The study was performed at the out-patient clinic of the Dept. of Dermatology and Venerology, Federal Academic Teaching Hospital Feldkirch. All patients gave written consent before entering the studies. Exclusion criteria comprised persons under the age of 18 and over 85 years, those who were pregnant or breastfeeding, patients with a personal or familial tendency to develop keloids, and patients intolerant to IQM. AK and BCC located in the hair of the caput, at the genitals less than 5 cm from the eyes and at skin sites which do not allow to use the laser were also excluded. All kinds of histopathologically proven BCC (13 superficial, 5 nodular, infiltrating 2) also comprising recurrent or incompletely excised BCC and AK starting with grade II 18 were included in the studies.
Laser and Topical IQM
Skin microporation was performed using the fractionated erbium:YAG laser device. The laser generated pulses are in the mid infrared spectrum (wavelength 3µm) with an 1mJ energy at 250 Hz, which translates to 0.25 W average power. Typically, 300 pores/cm2 per shot were set. AK and BCC lesions were microporated with 1-3 overlapping shots at a pulse rate of 3-10 (Figure 1a and b). Next IQM was applied to the micropores by the investigator.
Figure 1.Dermoscopic pictures of two microporated and imiquimod treated lesions: a) Arm 4 basal cell carcinoma showing an initial erythema at day 2. Microporation was performed with 1 shot at 10 pulses. b) Arm 2 actinic keratosis showing erythema, crusting and erosions at day 11. Microporation was performed with 2 shots at 3 pulses.
Both studies represent prospective, monocentric, randomised, case controlled, 4-arm, dose finding clinical pilots. Eligible patients were included by a randomisation schedule conducted sequentially, such as the first patient was allocated to the control arm 1, the second to arm 2, the third to arm 3 and so on 19. In the control arm 1 patients were using topical IQM alone as approved by the regulatory authorities (5x /week for BCC patients; 3x /week for AK patients). In the dose finding arms 2 to 4 the frequency of the combined lased and IQM application was 1x/week, 2x/week and 3x/week, respectively (for the BCC study design see Figure 2). Visits were performed at the study days (Vd) 0, 2, 4, 7, 9, 11, 13, and 20. At the last visit a 3 mm punch biopsy was taken and histopathologically analysed to test clearence of the neoplastic lesions. Consequently, the study period counted for 20 days. Those lesions which did not disappear at V20 were further treated with IQM 3x/week for 4 weeks (AK), or 5x/week for additional 3 weeks (BCC, control arm 1). With regard to BCC in arm 2-4, we fully excised the lesions which did not clear.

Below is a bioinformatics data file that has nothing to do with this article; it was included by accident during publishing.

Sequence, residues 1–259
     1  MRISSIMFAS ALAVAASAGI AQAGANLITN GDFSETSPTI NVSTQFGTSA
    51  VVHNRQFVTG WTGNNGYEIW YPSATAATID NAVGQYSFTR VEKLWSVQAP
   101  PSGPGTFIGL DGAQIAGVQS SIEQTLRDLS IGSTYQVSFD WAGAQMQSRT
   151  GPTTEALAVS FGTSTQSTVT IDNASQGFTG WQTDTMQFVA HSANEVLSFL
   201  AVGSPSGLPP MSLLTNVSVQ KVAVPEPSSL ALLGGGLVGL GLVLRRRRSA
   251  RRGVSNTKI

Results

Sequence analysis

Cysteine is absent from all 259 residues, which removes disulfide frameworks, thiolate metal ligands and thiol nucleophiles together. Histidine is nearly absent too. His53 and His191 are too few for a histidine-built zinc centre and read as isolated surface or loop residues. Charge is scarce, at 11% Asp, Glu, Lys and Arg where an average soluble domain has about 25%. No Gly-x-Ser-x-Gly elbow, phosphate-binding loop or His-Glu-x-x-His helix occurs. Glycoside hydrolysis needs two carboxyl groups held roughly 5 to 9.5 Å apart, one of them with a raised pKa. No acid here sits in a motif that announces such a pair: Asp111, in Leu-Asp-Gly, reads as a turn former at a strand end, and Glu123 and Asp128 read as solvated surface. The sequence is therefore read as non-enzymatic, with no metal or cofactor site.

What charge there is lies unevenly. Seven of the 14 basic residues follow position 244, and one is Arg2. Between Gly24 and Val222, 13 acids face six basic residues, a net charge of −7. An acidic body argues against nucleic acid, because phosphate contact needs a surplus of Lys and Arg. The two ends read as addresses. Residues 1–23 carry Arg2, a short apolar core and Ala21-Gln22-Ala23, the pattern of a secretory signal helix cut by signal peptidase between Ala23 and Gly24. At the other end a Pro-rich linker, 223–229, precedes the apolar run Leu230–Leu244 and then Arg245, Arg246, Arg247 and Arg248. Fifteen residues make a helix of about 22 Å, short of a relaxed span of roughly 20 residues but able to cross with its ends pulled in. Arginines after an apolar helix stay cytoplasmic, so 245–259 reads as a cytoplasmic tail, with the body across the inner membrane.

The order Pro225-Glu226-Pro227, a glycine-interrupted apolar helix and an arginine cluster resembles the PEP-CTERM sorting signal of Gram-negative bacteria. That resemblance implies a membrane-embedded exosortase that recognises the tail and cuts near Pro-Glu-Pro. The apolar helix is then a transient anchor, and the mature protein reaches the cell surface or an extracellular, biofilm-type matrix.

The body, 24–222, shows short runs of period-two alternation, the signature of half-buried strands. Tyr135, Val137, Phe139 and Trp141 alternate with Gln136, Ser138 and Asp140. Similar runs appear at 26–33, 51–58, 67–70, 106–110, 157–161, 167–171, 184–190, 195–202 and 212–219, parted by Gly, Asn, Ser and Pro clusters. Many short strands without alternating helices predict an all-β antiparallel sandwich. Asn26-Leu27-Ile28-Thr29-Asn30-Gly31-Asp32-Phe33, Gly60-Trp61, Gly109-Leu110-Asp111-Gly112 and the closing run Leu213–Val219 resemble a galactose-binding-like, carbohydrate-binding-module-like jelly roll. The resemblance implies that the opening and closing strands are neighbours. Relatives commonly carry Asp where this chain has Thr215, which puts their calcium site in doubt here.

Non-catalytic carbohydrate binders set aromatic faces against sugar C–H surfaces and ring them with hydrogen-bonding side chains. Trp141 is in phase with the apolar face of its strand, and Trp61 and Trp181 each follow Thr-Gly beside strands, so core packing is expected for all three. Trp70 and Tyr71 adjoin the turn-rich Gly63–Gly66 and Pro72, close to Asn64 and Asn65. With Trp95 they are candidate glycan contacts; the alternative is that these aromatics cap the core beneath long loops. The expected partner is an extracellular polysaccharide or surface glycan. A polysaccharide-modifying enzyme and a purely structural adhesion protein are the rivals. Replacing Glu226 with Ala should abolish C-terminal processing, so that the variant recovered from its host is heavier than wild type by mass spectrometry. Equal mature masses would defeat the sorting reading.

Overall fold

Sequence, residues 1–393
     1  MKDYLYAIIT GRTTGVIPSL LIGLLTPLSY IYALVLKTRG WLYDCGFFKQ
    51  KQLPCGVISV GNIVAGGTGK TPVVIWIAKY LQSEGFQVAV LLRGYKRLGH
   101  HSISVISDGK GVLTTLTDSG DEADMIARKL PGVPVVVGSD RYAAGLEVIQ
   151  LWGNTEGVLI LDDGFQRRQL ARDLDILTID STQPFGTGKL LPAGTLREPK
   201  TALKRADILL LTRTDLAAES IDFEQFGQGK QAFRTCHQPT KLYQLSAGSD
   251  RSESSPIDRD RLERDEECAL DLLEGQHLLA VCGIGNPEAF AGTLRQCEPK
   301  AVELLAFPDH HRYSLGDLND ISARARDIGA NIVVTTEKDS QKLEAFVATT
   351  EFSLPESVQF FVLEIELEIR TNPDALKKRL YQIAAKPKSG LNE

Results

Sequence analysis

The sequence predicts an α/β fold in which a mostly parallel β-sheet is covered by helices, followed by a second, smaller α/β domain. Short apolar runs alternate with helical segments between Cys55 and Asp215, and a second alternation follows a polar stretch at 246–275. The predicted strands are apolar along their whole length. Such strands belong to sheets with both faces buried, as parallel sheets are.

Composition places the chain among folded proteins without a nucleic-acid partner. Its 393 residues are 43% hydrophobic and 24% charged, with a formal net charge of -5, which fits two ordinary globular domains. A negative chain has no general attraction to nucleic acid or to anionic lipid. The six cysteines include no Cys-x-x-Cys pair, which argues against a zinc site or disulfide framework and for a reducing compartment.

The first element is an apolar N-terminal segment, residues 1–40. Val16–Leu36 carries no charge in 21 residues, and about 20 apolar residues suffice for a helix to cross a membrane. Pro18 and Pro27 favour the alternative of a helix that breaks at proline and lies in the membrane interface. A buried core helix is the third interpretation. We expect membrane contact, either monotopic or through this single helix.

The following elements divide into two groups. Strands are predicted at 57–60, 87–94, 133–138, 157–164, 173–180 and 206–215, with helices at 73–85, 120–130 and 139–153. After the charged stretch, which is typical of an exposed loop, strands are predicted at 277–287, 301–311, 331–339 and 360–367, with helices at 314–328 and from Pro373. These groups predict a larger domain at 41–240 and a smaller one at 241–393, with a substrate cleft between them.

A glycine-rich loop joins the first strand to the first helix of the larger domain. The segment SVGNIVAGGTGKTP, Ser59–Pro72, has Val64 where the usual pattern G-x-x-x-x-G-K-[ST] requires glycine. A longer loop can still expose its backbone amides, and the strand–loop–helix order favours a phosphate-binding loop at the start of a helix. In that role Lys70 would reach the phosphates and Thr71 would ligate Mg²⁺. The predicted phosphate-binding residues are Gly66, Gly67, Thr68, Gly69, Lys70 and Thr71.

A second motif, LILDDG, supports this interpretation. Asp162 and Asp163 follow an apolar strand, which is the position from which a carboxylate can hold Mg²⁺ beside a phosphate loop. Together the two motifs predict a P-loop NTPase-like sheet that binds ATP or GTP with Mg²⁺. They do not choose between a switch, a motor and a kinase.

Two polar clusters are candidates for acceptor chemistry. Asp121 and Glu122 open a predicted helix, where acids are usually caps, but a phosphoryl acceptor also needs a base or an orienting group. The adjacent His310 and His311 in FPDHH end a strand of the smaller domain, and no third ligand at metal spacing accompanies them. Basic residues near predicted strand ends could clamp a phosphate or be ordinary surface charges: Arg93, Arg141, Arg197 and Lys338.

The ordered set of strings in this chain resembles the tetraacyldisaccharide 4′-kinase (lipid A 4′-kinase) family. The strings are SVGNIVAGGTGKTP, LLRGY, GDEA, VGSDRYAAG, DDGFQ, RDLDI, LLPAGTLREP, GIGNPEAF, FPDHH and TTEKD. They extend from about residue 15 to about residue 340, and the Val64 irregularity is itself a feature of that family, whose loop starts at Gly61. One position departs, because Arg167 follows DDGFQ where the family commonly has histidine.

The primary endpoint of the study was defined as the strength of IQM-induced skin reactions (erythema, erosion and crusting) at V20. With the exception of erythema, the quality of which was defined by the Dermaspectrometer® (Cortex Technology, Hadsund, Denmark) 20, all other therapeutic skin reactions were measured with the Global Physician Assessment (PGA) Score ranging from 1 (no reaction) to 4 (very strong reaction) by the investigator and another dermatologist unrelated to the study. The mean value from both examinations was then used as final PGA score. Second study parameters comprised the quality of the therapeutic skin responses at V2, V4, V7, V9, V11 and V13, assessed the same way as at V20. In addition, we asked the patients what they felt during and after the use of the laser (burning, itching, others; V0, V2, V4, V7, V9, V11, V13 and V20), and looked for severe adverse or adverse events at every visit. At V20, a skin punch biopsy was taken from the treated skin, hematoxilin/eosin stained and analysed by a pathologist for the potential disappearance of the neoplastic proliferations.
All in all, 16 patients (4/control arm 1, 3/arm 2, 4/arm 3, 5/arm 4) and 20 lesions (6/control arm 1, 3/arm 2, 5/arm 3, 6/arm 4) were treated. From these 13 patients (3/control arm 1, 3/arm 2, 3/arm 3, 4/arm 4; 8males/5 females; age range 51-81years) and 15 lesions (4/control arm 1, 3/arm 2, 4/arm 3, 4/arm 4) fully adhered to the study protocol receiving therapy throughout the whole study period. In 2 patients (1/arm 3+4) the fractionated erbium:YAG laser and IQM application was stopped at V11 due to a strong skin reaction, but by performing the final punch biopsy at V20 the clearence result of these lesions were counted into the study results. One patient pre-terminated the study due to his will and was considered a drop-out.